For many, friendships come a dime a dozen when we are younger. We make them quickly and lose them even quicker. There’s no real effort or thought dedicated to this system. It just works.
But as we age–most likely due to our growing maturity–something interesting begins to happen. We become more selective and the boundaries of our friendship circle begin to dwindle. At the same time, the circumstances of life begin to emerge. We move to different cities, become more career-focused, get married, and have children. Before we know it, we look around and realize that the friendships we once had are in disarray.
That’s what happened to me.
During my early years, my family lived in a small town in South Carolina. Standing in the living room of our modest home, my parents announced we would be leaving that summer for better days in Atlanta. I was terrified. I immediately thought of my best friend and how much I would miss her. Everything feels like the end of the world when you are a child. I was certain I would never fit in or make another friend, destined for a life of solitude.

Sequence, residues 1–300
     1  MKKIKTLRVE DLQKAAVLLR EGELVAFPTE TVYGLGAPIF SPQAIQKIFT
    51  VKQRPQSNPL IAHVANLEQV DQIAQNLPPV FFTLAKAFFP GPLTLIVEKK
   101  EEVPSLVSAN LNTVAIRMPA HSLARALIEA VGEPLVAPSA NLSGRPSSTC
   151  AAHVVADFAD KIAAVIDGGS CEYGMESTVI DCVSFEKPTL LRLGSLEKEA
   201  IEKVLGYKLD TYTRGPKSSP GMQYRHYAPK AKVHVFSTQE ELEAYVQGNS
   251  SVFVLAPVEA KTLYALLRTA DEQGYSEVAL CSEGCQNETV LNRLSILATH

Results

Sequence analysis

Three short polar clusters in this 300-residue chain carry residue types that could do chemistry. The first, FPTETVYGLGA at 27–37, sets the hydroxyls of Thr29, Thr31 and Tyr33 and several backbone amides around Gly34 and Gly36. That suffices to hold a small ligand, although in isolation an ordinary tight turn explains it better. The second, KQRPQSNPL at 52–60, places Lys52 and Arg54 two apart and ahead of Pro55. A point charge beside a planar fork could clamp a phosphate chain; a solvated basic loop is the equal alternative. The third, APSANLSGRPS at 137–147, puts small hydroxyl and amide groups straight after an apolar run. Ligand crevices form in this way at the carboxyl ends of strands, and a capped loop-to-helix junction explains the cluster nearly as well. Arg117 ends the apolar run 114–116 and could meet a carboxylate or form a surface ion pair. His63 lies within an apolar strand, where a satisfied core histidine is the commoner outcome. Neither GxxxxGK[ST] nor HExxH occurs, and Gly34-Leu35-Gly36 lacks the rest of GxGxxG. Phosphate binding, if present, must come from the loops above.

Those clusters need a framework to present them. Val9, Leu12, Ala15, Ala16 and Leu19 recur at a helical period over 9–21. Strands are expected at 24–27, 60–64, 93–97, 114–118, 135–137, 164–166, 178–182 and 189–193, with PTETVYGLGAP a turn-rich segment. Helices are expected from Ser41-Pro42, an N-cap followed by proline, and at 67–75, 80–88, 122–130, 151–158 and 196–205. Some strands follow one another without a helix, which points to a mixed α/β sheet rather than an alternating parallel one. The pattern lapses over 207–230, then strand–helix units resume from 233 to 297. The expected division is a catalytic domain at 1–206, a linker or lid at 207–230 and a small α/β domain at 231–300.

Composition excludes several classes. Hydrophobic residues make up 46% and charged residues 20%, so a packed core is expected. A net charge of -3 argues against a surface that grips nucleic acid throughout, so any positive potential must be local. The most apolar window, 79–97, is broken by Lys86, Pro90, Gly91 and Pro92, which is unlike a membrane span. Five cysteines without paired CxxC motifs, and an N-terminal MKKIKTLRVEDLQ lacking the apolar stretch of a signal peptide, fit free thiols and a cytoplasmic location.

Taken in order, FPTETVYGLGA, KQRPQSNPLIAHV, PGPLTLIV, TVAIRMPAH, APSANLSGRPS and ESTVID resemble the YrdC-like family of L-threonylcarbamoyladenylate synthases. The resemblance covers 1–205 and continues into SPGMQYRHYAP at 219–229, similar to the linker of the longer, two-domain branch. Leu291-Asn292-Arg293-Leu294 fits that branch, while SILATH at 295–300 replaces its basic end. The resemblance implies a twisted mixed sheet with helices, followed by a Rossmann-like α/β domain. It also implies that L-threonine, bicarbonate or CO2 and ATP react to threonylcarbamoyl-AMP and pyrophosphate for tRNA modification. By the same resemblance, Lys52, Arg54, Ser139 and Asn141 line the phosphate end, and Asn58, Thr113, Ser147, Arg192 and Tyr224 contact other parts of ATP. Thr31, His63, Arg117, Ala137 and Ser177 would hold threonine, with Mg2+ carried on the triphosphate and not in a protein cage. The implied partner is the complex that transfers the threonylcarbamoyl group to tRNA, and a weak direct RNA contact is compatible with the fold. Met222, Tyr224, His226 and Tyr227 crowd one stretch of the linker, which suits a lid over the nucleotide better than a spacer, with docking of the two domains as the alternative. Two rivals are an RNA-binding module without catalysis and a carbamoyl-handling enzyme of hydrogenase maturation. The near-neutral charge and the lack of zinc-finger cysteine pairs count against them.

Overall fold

Of course, my fears were ill-conceived. Once we settled in I made friends quickly, eventually meeting and cultivating a batch of new best friends.
After high school and into college, I began to focus exclusively on my career goals. I put everything I had into landing a decent job and building my videography business. Eventually, that expanded into youtube, this blog, and other business endeavors. But the constant chase to advance my career caused my relationships to suffer. Before long, I realized that almost all of my friendships had dissolved, some friends I hadn’t seen in months.